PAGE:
Pair of aces: Schiebe, Procyk pitch Masuk to unbeaten season

Sam Schiebe fires a pitch during a Masuk High softball game this season. — Andy Hutchison photo

Sam Schiebe fires a pitch during a Masuk High softball game this season. — Andy Hutchison photo


Pitching is paramount for success in softball, and with two standout hurlers in the circle, the Masuk High softball team had the unusual advantage of having two arms to lean on for its run to South-West Conference and state Class L championships this spring.

Junior Sam Schiebe and sophomore Maddie Procyk not only shared duties but also excelled for the Panthers, who ended the season with a 27-0 record and ranked first in the state.

Although a big advantage for a variety of reasons, the two-pitcher arrangement could have also left Masuk head coach Leigh Barone in a tough decision-making spot: Most softball teams rely on one ace throughout the season.

Barone, however, said that there was really no downside to the scenario.

“It has not been a challenge for me to juggle the two pitchers and the main reason for that is both of them are not just great pitchers, but they are all-around good softball players,” she said. “Maddie plays third [base] when she is not pitching, and when Sam is not pitching she plays first or third.”

“So many things about pitching excite me,” said Procyk. “The sound the ball makes in the catcher’s glove when you’re throwing hard; the swing and miss of a batter after throwing a changeup; the strikeout after a full count; and the little huddle and high-fives I get after a strikeout are just a few of the reasons I love to pitch.”

“My favorite thing about pitching is being in every play,” said Schiebe. “I love being able to challenge hitters.”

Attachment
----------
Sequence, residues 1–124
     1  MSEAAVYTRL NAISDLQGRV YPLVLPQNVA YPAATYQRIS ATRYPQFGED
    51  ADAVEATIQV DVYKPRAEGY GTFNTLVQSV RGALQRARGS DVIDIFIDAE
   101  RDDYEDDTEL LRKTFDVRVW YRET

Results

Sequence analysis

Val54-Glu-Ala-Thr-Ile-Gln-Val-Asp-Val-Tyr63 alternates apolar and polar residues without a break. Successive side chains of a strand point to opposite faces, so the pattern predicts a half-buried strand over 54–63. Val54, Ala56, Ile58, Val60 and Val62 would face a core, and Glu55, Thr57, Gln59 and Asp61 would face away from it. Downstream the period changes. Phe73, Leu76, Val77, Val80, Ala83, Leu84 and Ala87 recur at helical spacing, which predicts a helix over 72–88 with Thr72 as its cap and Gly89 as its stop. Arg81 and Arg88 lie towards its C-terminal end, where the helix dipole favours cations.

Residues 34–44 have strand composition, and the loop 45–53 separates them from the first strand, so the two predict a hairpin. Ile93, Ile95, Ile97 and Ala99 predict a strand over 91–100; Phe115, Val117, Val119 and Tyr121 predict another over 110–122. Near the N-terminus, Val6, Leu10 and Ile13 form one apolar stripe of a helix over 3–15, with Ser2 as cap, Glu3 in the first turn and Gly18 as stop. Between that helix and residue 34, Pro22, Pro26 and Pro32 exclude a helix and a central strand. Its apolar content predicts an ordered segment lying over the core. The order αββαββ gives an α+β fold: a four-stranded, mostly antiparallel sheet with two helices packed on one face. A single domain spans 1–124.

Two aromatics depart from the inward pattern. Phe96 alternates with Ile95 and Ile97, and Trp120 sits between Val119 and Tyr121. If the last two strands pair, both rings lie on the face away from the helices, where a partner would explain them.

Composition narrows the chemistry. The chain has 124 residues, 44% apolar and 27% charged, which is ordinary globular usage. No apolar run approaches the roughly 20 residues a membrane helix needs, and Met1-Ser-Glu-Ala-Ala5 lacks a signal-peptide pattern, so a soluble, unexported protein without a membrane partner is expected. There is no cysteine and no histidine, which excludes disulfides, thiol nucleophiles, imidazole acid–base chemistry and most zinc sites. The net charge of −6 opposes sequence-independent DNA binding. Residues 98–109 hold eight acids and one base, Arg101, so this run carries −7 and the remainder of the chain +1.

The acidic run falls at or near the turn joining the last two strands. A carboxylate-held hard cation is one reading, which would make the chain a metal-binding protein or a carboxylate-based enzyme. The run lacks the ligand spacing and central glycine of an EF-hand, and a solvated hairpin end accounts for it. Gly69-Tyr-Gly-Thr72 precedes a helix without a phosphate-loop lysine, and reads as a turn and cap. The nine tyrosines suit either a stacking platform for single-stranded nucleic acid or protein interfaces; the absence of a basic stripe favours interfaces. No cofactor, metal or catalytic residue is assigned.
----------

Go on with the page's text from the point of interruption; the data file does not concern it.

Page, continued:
Although the underhand softball pitching motion is considered to be less taxing on the arm than the overhand baseball pitching motion, softball pitchers can get over-worked, especially when makeup games (from rainouts) jam the already truncated spring schedule.

“The biggest benefit this year was utilizing both when we had a lot of games in a short period of time,” said Barone. “There was one week where we had games from Monday to Friday and Sam and Maddie switched each day.

“Another huge benefit is giving hitters a different look. If they start catching up to one of the pitchers after seeing them a few times then you can make that change.”

An example came during one of Masuk’s rare hard-fought victories, a 6-4 win over Brookfield on May 14. Barone used both Schiebe and Procyk to help her team get the win and stay unbeaten.

Friendly competition

There is a bond between the two pitchers, and they encourage each other.

“Both Sam and Maddie love to pitch and that right there is their motivation,” said Barone.”Sam and Maddie have a very friendly competition. They pitched together at every practice, enjoy hitting live against each other, and support each other on the mound.”